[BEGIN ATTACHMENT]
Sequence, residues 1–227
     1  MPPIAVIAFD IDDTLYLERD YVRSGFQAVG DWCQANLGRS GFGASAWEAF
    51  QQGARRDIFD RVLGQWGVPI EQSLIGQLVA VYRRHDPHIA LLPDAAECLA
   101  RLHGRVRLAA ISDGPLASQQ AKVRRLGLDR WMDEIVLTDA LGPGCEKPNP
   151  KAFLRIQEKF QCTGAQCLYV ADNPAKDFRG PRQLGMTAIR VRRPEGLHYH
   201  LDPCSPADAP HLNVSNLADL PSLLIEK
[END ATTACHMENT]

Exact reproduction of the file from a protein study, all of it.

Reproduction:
Sequence, residues 1–227
     1  MPPIAVIAFD IDDTLYLERD YVRSGFQAVG DWCQANLGRS GFGASAWEAF
    51  QQGARRDIFD RVLGQWGVPI EQSLIGQLVA VYRRHDPHIA LLPDAAECLA
   101  RLHGRVRLAA ISDGPLASQQ AKVRRLGLDR WMDEIVLTDA LGPGCEKPNP
   151  KAFLRIQEKF QCTGAQCLYV ADNPAKDFRG PRQLGMTAIR VRRPEGLHYH
   201  LDPCSPADAP HLNVSNLADL PSLLIEK